It is known that the Lucanians moved south into “Oenotria” in the middle of the 5th century BC, driving the native Oenotrians, Chones, and Lauternoi, into the mountainous interior of the peninsula. The expansion southward eventually brought the Lucanians into direct conflict with the Greeks of Taras (Tarentum). The Tarentines utilized allies such as Alexander of Epirus to fight their wars with varying success.

The initial contact between the Lucanians and the Romans was on good terms.

Lucca Sicula (AG): A commune in the province of Agrigento. Population: 2,016 (2006e).

Lucera (anc. Luceria) (FG): A commune in the province of Foggia. Population: 35,017 (2006e).

Luceria: A city of ancient Apulia, the modern Lucera (FG). Situated on the borders of Samnium and Apulia, it first appeared in history in 315/4 BC as a Samnite stronghold captured by the Romans. A Latin colony was established on the site, which was renewed by Augustus. It was during the reign of Augustus that a fine amphitheater was contructed on the site.

                Luceria survived the collapse of the western Empire and maintained enough local importance to have a strong citadel constructed there in medieval times.

Lucia (Lucy), St.: (date uncertain). Christian martyr. Many scholars believe that she is only semi-historical, if not completely fictitious, in nature. According to her legend, she was a native of the Sicilian city of Syracuse. When she took a vow of chastity and dedicated her life to Christ, her mother tried to arrange a marriage for her to a pagan. The mother immediately became seriously ill and Lucia prayed to St. Agatha to cure her. When the mother recovered she consented to Lucia’s wishes to break-off the unwanted marriage contract. The rejected bridegroom became so incensed that he denounced Lucy as a Christian to the Roman authorities. The Roman governor first attempted to convince her to renounce her faith but when this proved futile he condemned her to become a prostitute. When the guards came to take her away, however, she miraculously became so heavy that she could not be lifted. Her sentence was then changed to be tortured and executed. In one version of her story, it is stated that while being tortured, her eyes were put out. Because of this, she became the patron saint of the blind and those with eye disorders. Feast Day: Dec. 13.

Lucilius, Caius: (b. 148 BC in Suessa Aurunca; d. 103 BC in Naples). Latin poet. As a youth he joined the Roman army and served under the younger Scipio in Spain. He is believed to have been a maternal great-uncle of the triumvir Pompey the Great. Lucilius had an important influence on Latin poetry and is considered the first important writer of Roman satire. Many fragments of his workers have survived though few are of any length.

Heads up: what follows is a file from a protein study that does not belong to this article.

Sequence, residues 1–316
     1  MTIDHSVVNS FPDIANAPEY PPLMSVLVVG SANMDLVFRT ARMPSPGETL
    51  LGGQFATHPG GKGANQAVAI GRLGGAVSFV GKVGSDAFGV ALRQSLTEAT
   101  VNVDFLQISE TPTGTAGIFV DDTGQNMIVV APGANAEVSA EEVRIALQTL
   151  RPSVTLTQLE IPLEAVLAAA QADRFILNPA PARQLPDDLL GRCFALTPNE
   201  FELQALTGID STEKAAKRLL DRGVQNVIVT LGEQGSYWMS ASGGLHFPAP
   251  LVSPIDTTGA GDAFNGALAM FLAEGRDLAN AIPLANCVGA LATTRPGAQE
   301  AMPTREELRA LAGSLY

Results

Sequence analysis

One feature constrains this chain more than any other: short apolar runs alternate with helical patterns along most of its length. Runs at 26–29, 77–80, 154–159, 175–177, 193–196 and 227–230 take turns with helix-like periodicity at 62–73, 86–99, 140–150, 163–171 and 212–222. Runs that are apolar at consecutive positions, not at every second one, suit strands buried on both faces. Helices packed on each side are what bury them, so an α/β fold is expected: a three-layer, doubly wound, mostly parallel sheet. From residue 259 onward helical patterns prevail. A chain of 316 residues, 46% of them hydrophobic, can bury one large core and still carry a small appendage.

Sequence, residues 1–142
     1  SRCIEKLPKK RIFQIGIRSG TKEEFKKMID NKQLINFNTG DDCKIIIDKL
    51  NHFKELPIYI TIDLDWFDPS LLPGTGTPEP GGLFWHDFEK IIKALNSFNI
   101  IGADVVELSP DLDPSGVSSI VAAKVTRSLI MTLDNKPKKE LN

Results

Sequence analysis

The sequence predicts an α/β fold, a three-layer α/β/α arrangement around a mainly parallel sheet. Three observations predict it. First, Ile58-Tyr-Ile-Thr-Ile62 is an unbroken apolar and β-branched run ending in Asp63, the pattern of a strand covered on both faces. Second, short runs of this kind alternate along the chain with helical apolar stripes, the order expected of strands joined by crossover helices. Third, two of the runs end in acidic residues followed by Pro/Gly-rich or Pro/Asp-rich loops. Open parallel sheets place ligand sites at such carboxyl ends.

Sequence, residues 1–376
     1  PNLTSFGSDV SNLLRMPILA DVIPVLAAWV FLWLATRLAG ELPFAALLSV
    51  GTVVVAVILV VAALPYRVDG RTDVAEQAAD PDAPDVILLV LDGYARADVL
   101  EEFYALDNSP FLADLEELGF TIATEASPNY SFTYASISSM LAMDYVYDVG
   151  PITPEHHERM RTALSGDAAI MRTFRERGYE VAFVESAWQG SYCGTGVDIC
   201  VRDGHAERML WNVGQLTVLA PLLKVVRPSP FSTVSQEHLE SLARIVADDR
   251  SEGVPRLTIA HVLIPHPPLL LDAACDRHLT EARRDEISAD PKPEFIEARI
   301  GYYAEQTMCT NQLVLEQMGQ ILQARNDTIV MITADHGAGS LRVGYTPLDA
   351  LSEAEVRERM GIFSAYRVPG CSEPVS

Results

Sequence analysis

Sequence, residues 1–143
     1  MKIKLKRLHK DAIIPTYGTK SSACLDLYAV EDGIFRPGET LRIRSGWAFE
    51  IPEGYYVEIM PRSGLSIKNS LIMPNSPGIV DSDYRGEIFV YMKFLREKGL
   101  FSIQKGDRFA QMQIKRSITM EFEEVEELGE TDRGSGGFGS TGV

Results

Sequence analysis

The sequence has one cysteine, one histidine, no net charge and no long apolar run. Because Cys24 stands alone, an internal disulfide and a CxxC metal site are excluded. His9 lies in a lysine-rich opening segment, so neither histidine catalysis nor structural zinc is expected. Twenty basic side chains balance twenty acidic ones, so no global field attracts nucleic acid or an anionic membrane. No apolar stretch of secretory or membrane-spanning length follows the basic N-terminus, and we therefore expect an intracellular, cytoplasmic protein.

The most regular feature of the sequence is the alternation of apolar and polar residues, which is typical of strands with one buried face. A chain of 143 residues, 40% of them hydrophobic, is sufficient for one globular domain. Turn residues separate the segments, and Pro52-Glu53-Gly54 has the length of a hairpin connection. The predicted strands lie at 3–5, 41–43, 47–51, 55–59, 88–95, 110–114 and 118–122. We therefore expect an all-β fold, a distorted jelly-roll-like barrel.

Lucito (CB): A commune in the province of Campobasso. Population: 857 (2006e).

Lucius I, St.: Pope. (r June 25, 253-March 5, 254).

Lucius II: Pope. (rMar 12, 1144-Mar 15, 1145).

Lucius III: Pope. (rSept 1, 1181-Nov 25, 1185).

Luco dei Marsi (AQ): A commune in the province of L’Aquila. Population: 5,811 (2006e).

Lucoli (AQ): A commune in the province of L’Aquila. Population: 963 (2006e).

Lucrino, Lago (anc. Lucrinus lacus): A lake in Campania, separated from the sea by a narrow strip of land, which, according to tradition, was created by the hero Hercules. Since ancient times, the lake was famous for its oysters.

Lucy, St.: See St. Lucia.

Lungro (CS): A commune in the province of Cosenza. Population: 2,966 (2006e).

Lungro, Eparchate of:

Suffragans:

Metropolitan: Immediately subject to the Holy See.

Conference Region: Calabria

Area: 493 km²/ mi²

Total Population: 33,086

Catholic Population:

Total Priests: 34 (Diocesan: 32; Religious: 2)

Permanent Deacons: 1.

Male Religious:

Female Religious:

Parishes: 29.

History:

Luogosano (AV): A commune in the province of Avellino. Population: 1,244 (2006e).

Lupara (CB): A commune in the province of Campobasso. Population: 601 (2006e).

Lupiae (LE): Ancient name for the city of Lecce.

Lurs: An obscure Etruscan god about which little is known.

Lusciano (CE): A commune in the province of Caserta. Population: 13,636 (2006e).

Lustitieratus Aprutii: A small state in the Abruzzi created by Frederick II in the 13th Century. It was centered of the city of Sulmona.

Lustra (SA): A commune in the province of Salerno.

Luzzi (CS): A commune in the province of Cosenza. Population: 10,102 (2006e).

Lygdamis: An athlete of ancient Syracuse. He was victor in the pankration at the Olympian Games in 648 BC.

Lykinos: an athlete of ancient Kroton. He was victor in the Stadion at the Olympian Games in 584 BC.